8. Fugashi Bran Snack (Yaokin) ¥21
Fugashi is a Japanese dried wheat gluten snack with brown sugar. It has a light crispy yet fluffy texture with the caramelized brown sugar taste. This is a snack invented in the Edo period and popularized during the Showa period as the rod-like shape snack that we know now. Both the texture and taste might not be familiar to non-Japanese, therefore if you would like to try a truly Japanese snack tradition, this might be a good choice.
9. Umaibo Corn Potage Flavor (Yaokin) ¥9
Umaibo or "delicious stick" is a small, puffed, cylindrical corn snack that is very popular in Japan. Foreigners might mistake the mascot on the packaging as the beloved Doraemon, however, it has nothing to do with Doraemon. Umaibo comes in many different flavors, including this corn potage flavor that is deliciously addictive.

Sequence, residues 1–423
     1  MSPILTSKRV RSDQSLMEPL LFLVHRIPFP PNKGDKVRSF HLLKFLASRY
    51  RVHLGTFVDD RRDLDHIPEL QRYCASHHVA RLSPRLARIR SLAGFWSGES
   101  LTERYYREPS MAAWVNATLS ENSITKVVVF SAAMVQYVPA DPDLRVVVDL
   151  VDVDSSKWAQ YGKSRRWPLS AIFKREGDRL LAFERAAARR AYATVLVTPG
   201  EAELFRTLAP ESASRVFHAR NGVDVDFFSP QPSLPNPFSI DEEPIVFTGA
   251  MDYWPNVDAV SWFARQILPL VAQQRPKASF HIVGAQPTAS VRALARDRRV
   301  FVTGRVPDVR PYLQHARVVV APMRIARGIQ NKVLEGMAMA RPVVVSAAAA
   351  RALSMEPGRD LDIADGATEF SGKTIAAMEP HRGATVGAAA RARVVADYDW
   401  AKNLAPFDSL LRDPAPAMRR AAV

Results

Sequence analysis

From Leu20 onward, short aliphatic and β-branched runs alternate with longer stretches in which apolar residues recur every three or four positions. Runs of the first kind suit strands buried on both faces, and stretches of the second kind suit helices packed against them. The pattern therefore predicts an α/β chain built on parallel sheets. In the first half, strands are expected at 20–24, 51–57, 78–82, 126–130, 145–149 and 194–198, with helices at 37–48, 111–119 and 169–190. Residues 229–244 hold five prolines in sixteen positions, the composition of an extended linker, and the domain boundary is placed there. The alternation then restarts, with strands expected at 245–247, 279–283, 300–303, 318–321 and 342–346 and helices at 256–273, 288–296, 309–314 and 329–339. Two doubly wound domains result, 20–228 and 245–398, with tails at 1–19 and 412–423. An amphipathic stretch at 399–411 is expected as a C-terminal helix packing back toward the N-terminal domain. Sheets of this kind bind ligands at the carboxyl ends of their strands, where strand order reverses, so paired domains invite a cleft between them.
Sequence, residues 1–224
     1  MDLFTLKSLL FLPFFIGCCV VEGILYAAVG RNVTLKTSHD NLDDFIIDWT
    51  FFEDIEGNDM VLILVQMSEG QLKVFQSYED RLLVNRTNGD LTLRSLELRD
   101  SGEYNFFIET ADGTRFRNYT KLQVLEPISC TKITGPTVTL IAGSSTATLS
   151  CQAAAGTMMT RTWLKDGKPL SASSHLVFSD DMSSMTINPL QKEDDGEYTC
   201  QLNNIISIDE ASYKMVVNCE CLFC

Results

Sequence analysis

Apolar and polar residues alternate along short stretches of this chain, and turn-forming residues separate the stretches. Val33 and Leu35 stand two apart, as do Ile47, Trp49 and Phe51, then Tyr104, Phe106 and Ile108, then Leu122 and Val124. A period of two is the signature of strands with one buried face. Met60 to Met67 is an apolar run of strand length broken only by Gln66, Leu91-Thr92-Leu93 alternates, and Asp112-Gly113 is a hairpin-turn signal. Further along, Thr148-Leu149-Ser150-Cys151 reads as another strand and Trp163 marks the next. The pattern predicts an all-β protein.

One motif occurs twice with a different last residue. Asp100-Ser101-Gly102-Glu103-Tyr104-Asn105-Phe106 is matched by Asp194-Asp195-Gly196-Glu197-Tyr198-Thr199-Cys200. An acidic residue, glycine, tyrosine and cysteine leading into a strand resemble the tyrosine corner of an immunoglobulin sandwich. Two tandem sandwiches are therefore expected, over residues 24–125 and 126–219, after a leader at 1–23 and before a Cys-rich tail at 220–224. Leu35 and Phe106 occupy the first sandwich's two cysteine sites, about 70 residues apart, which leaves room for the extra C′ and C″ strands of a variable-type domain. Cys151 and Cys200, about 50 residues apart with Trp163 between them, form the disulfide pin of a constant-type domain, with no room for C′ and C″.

10. Umaibo Takoyaki Flavor (Yaokin) ¥9
Another flavor that is usually popular from the Umaibo range is the takoyaki flavor. Takoyaki is one of the quintessential foods in Japan and they're round balls of fluffy dough that are smothered with a special savory takoyaki sauce and have a tasty piece of octopus meat at the center. Octopus flavored snacks are very common in Japan so if you are going to try one of these delicious sticks, the takoyaki flavor might be a good one to try.
11. Nihonichi Nagai Choco (Riska) ¥32
This particular snack claims to be the longest chocolate snack in Japan. The inside is similar to the Umaibo snack we mentioned above, however this one is covered in chocolate and sprinkled with nuts. It is light in texture and easy to munch while you’re on the move because it is long and slender. Whether or not it’s Japan’s number one snack is up to you to decide.
12. Magokoro no Kotoba Choco(Chirin) ¥30
Magokoro no Kotoba choco are chocolate covered in crunchy sugar coating. The taste itself is similar to other sugar-coated chocolates, however it is the packaging and the intent that makes this particular snack unique.